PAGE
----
At the other line positions, LSU doesn't have the luxury of a veteran roster. Starting opposite of LaCouture (who is arguably not at 100 percent due to injury) at the other tackle position is talented sophomore Devon Godchaux (6-4, 293 pounds.) Despite Godchaux's relative youth, he is one of the most talented defensive linemen on the Tiger roster, as he bolted past more veteran players in 2014 to start 10 of 12 games as a freshman. Godchaux is a beast, and his great size and quickness will give the Tide's interior linemen fits.

Rounding out the Tiger defensive line is defensive end Arden Key (6-6, 231 pounds), a freshman who has broken into the starting rotation as an end rusher. Key is your typical speed end pass rusher, with a long, lanky frame and vicious pursuit instincts. Key is spelled by the talented veteran junior Tashawn Bower (6-5, 240 pounds), a force on the edge who would definitely be tapped as a starter on any number of SEC rosters.

Probably the most veteran group for the Tigers is the linebackers, led by future NFL Draft Pick Kendell Beckwith (6-2, 252 pounds). Beckwith is a triple threat, as he is adequate in coverage in between the hashes, is a fireplug of a run-stopper between the tackles and is used as a proxy defensive end when the Tigers go into their third-down "Mustang-Not-Really-Mustang" dime defensive alignment. (More on that later...)

Beckwith is joined by senior Will linebacker Deion Jones (6-1, 227 pounds), who plays the Money role when the Tigers go into the nickel, and as such, he is free to roam sideline-to-sideline while hunting the ball carrier.  The linebacking unit is rounded out by senior Sam ‘backer Lamar Louis (5-11, 232 pounds), an all-purpose jack-of-all-trades who is adequate as a run stopper and in coverage. Behind the veteran starting line, however, the Tigers have little depth at linebacker. Juniors Duke Riley and Ronnie Feist provide some depth at Sam and Mike, respectively, but behind Jones, the Will depth chart is manned by sophomores.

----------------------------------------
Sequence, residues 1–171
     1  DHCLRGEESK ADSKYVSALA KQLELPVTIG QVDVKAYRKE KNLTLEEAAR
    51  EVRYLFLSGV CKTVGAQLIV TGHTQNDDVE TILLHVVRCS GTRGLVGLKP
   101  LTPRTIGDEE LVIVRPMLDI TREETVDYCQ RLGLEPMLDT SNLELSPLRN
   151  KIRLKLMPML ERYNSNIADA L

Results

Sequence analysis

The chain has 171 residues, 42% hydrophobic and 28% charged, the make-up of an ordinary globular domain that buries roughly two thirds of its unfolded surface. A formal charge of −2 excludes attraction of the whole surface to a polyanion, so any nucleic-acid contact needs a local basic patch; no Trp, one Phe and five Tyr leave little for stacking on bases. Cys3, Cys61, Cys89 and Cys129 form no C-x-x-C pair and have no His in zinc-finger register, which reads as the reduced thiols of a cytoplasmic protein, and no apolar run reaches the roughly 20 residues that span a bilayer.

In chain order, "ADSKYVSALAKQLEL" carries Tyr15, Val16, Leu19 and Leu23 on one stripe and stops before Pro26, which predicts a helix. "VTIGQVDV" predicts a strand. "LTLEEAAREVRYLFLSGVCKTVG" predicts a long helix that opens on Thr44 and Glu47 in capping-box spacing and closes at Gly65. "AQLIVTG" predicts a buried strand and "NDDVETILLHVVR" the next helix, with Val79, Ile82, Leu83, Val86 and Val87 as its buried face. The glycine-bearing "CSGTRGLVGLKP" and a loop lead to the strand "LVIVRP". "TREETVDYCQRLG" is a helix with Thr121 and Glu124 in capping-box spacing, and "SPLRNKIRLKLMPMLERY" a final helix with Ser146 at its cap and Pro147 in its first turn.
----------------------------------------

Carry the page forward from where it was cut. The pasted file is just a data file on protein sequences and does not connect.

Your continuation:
As the self-purported "DB U," LSU has a roster that is quite simply loaded with typical future NFL draft picks. The secondary is stocked with talent and a veteran presence. One sure-fire future NFL player is junior corner Tre'Davious White (5-11, 191 pounds), who is the prototypical LSU defensive back despite his sub-6-foot frame. White, who wears the coveted number 18 jersey as the player who most exemplifies Tiger football on and off the field, has neither great size nor great speed, but he has tremendous ball skills, quick feet and the kind of fluidity in coverage that is coveted by NFL scouts. White can be counted upon to lock down the boundary in man 90 percent of the time, but he does have the tendency to overcommit at times, making him susceptible to the big play down field. Even still, ask any coach if he'd want White on his roster and the answer would be an emphatic "yes." He is well worth the occasional liability.

Playing the field corner position is junior corner Dwayne Thomas (6-0, 186 pounds), who is steady but given the talent around him is probably the weak link in the Tiger secondary. When the Tigers go into the nickel, Thomas is the fifth man, with freshmen Donte Jackson (5-11, 167 pounds) and Kevin Tolliver (6-, 197 pounds) stepping into the line of fire. Tolliver has been especially impressive as a freshman, with great size and range.

At safety, the Tigers are well-equipped...when healthy. Free Safety Jalen Mills (6-0, 196 pounds) is among the best in the SEC at his position, but his health has been an issue for most of the season. While Miles has said Mills will be ready to go against Bama this weekend, one must wonder if the future NFL defensive back will be at 100 percent against the Tide. Mills is a likely second to third round draft pick next spring, and given his status as the primary signal caller for the defense, his presence on the field will be a huge lift for the Tiger defense.

At strong safety, the Tigers have another in a long line of heavy hitters in sophomore Jamal Adams (6-1, 211 pounds). Proclaimed by Tyrann "Honey Badger" Mathieu as the "best safety in college football" last December, Adams had an impressive All-SEC Freshman campaign in 2014, and he's not slowing down this season. Adams is arguably th best overall safety in the league at this time, and will likely be a short-timer in Baton Rouge when the NFL comes calling. A head-hunting lumber-layer in the middle of the field, Adams is reminiscent of past Tiger strong safeties, with solid coverage skills and a nose for the run game. And when he makes contact, the results are often explosive.

How LSU can stop the Alabama offense

Despite the wealth of talent in the secondary, the Tigers have struggled against the pass to a greater degree in 2015 than in recent memory. That fact is mysterious given the propensity of Steele and his defense to fall into a nickel alignment, a scheme devised to flood the passing lanes with athletic defensive backs and play makers.